Macomb County has emergency camera system for school attacks

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Seventeen people killed inside a Florida high school  -- and a 19-year-old charged with their murders. While we hope it never happens here, law enforcement and school district officials have to be prepared for the worst.

On Tuesday, Macomb County showed FOX 2 how they plan for active shooter emergencies for the 21 school districts there.

More than 50 monitors are part of Macomb County's ComTec System - camera surveillance of traffic, buildings and schools that take part.

Being able to see inside the schools is the idea behind ComTec if an emergency happens at a Macomb County school. 

"The first couple officers that show up go inside, we go towards the sound of the shooting," said Chief Dale Dwojakowski, Sterling Heights police. "So to have someone on your police radio telling you yes, there is a shooter in the cafeteria, for our guys to know that it is lifesaving for the kids, lifesaving for the officers."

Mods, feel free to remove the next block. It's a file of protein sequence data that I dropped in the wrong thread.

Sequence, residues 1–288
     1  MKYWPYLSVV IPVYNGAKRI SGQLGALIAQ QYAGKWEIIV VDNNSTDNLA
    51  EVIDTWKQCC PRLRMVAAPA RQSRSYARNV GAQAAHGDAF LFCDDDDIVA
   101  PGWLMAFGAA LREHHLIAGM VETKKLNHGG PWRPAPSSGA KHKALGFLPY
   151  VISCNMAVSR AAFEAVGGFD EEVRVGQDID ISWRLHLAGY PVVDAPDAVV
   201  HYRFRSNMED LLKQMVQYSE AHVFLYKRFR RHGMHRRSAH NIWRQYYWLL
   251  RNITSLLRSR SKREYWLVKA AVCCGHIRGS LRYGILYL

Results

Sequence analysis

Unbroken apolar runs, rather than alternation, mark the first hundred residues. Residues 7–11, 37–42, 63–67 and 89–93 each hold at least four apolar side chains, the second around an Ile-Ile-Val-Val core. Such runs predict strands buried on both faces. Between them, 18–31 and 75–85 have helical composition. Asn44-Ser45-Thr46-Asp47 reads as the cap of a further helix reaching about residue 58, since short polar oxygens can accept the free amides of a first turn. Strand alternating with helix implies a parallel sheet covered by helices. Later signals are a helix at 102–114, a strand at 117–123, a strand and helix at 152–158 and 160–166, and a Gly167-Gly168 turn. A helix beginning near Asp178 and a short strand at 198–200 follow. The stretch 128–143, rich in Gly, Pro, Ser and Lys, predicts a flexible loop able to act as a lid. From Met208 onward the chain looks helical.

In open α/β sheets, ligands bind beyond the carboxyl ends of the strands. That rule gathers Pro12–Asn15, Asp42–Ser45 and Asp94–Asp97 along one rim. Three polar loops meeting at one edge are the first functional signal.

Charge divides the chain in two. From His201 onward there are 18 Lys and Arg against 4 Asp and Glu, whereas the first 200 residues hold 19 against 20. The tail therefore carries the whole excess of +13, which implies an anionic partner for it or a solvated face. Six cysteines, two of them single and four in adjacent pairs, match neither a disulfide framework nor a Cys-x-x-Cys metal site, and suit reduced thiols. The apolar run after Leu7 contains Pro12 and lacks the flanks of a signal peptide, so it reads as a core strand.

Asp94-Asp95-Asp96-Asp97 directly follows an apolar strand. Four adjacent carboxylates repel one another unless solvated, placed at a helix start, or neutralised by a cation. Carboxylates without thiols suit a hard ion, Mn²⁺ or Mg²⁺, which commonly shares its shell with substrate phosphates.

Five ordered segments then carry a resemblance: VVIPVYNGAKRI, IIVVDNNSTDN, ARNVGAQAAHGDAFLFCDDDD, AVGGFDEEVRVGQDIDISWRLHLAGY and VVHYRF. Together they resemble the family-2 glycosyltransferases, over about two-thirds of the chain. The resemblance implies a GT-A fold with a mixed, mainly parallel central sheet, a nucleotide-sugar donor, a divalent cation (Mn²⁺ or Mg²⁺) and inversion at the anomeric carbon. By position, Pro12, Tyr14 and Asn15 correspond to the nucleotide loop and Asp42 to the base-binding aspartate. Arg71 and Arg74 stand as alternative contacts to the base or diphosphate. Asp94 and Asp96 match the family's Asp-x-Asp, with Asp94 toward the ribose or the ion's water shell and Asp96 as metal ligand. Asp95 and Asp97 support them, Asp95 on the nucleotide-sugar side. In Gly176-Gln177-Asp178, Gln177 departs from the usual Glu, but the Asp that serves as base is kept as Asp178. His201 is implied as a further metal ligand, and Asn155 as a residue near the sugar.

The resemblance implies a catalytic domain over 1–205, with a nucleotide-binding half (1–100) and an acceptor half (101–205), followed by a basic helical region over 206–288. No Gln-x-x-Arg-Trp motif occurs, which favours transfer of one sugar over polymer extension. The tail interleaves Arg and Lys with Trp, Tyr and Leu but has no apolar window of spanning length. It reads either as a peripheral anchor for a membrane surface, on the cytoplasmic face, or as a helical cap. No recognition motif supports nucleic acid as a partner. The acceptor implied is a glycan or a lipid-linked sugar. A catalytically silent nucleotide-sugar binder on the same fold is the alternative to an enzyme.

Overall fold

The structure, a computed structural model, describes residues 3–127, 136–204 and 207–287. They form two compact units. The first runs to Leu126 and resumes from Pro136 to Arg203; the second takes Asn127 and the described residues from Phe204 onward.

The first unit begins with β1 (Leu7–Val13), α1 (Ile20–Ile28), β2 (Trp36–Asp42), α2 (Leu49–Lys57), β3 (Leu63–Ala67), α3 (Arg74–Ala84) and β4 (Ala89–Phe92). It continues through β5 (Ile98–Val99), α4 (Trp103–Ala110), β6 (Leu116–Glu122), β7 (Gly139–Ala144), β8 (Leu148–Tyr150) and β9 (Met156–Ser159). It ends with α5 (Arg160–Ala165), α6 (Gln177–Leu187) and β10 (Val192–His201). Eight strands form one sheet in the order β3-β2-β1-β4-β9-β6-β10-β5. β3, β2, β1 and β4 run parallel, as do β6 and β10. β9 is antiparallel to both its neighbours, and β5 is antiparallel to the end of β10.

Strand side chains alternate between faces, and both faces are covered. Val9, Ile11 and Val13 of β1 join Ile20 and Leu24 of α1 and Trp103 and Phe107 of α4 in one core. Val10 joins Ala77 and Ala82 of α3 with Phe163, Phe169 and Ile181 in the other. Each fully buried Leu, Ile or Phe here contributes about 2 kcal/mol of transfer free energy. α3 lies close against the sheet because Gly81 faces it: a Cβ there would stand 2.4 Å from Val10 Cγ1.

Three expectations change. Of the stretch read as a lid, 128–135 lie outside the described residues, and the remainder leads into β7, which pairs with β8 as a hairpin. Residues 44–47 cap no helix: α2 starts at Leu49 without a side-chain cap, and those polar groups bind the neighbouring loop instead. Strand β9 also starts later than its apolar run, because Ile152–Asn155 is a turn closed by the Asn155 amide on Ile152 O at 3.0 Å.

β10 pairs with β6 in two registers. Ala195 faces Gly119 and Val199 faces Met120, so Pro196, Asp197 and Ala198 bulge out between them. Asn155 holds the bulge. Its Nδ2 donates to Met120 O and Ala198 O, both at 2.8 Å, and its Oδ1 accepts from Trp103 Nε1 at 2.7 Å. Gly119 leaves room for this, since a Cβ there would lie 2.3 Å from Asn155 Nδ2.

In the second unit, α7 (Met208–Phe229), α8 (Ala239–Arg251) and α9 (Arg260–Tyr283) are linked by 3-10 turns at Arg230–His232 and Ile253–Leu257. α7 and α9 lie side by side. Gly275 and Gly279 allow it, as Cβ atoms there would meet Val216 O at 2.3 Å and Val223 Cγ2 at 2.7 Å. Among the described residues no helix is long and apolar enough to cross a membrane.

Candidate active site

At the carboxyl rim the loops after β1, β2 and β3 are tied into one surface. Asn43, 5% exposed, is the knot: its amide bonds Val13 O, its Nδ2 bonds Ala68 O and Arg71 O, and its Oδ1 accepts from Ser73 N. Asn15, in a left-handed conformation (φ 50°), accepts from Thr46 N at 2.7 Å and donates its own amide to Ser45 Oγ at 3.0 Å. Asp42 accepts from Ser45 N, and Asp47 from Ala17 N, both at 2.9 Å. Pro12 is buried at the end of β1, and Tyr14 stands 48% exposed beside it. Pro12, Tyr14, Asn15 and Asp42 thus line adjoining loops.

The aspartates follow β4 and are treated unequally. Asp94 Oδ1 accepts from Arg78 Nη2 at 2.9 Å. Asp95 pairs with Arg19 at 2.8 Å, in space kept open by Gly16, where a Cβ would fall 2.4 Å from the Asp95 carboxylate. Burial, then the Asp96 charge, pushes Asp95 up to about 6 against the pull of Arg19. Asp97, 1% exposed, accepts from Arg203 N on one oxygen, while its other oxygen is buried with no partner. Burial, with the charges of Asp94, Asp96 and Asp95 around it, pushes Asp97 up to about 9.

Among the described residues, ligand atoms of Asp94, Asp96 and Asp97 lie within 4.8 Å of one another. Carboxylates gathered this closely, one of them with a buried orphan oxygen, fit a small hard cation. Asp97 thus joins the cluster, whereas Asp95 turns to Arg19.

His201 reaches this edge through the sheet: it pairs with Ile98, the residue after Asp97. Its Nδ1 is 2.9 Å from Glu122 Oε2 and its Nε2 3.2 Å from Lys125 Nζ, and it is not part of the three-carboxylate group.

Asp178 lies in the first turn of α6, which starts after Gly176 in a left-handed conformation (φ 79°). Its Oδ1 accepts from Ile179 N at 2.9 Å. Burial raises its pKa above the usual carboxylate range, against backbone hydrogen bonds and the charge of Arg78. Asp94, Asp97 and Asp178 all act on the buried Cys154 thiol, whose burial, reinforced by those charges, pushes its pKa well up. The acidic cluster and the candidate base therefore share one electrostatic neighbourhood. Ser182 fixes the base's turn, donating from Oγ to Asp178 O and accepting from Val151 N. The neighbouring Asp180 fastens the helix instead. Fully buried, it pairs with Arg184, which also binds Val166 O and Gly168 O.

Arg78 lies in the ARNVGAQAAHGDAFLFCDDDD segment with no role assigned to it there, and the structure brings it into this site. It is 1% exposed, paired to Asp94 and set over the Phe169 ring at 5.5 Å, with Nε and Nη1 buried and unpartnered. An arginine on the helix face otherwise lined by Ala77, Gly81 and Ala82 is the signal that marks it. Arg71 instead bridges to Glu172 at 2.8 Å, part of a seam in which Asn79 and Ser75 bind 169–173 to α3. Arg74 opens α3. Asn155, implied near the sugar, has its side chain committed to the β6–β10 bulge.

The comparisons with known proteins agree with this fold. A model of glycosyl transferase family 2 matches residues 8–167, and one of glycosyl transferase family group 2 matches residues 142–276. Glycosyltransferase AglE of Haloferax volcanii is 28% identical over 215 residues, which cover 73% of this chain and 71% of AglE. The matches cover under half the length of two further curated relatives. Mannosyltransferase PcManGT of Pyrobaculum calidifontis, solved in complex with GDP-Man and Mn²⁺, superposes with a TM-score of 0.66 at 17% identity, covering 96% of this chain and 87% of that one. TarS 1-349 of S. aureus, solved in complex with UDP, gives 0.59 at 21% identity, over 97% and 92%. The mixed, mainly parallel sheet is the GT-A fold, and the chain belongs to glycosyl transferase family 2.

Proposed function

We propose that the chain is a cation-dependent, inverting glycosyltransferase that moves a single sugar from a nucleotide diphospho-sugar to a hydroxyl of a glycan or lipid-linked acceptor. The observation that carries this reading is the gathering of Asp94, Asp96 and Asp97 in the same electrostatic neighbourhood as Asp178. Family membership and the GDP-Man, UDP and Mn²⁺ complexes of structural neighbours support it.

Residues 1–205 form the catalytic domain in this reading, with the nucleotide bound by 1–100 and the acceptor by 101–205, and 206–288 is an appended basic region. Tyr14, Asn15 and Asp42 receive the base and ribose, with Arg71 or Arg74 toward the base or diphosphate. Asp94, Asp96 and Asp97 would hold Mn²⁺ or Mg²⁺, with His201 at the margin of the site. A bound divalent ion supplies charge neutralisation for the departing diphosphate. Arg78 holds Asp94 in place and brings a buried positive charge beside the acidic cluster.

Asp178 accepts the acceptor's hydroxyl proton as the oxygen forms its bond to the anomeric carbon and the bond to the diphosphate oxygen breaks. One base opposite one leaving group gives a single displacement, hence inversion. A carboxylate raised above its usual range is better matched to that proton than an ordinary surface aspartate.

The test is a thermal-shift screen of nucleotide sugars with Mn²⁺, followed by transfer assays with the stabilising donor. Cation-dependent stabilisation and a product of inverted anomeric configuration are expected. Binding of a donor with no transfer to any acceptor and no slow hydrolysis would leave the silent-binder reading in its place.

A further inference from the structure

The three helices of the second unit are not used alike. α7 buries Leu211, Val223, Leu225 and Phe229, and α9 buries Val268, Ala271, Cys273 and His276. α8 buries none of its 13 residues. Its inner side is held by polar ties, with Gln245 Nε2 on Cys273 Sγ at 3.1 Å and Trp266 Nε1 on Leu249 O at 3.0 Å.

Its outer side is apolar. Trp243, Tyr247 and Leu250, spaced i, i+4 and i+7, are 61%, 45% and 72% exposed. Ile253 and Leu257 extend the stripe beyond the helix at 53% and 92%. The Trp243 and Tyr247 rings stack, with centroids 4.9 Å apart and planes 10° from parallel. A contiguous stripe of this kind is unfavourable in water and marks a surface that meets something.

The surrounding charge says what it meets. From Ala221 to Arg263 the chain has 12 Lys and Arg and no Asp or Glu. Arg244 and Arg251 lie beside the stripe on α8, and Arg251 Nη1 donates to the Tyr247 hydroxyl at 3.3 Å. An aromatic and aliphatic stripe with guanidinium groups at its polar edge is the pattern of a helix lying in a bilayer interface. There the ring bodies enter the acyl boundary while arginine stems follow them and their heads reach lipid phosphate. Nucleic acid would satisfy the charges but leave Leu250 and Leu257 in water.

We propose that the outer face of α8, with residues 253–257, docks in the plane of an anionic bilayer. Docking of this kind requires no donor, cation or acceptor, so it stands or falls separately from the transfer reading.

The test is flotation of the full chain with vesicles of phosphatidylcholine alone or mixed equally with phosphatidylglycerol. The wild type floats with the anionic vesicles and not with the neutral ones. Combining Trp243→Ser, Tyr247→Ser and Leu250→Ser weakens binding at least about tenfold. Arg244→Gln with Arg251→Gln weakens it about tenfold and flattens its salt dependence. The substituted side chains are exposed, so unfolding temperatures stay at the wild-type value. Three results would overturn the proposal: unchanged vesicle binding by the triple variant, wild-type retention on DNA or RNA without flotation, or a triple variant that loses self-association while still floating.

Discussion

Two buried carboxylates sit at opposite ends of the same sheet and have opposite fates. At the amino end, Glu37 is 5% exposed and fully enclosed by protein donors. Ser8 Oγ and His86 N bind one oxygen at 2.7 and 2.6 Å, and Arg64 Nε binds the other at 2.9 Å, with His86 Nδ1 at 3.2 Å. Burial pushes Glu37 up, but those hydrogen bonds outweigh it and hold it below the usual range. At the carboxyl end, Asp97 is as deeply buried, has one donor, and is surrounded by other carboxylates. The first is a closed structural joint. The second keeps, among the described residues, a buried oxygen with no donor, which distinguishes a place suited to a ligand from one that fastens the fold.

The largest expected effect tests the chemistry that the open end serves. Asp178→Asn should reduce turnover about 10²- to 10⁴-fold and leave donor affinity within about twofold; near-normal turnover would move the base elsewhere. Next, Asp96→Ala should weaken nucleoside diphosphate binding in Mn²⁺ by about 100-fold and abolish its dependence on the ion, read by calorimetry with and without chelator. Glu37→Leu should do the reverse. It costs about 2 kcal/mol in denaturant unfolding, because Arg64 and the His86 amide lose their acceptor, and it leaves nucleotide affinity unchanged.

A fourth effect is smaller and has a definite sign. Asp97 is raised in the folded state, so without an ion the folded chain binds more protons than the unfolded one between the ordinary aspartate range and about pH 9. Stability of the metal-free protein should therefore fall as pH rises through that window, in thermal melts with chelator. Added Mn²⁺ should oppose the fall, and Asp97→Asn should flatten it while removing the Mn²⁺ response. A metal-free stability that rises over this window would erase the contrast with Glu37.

Here's how it works: If a shooter gets inside a school, the district and the county hit the button and plug into multiple cameras at the school.

On Tuesday, the county showed real-time video footage from the cameras inside Utica High School. 

The cameras would work once an active shooter is already on the loose. This, plus online surveillance, could help take down the suspect.

Dr. Christine Johns, the Utica Schools Superintendent, said that the schools maintain an in-house security team.

"We have four retired police officers, most of whom have served in Macomb County and those officers work with our elementary schools, our junior highs and our high schools," she said.

The idea is that the sheriff's department already manning ComTec in Mount Clemens watches the crisis and calls the shots from the control room. 

"We are going to try to figure out how to make more of an educated decision, and we can see everything going on in that building," said Macomb County Executive Mark Hackel.

While Romeo and Utica schools have coordinated their cameras to the ComTec software, the other 19 districts in Macomb hope to be hooked in within a few months.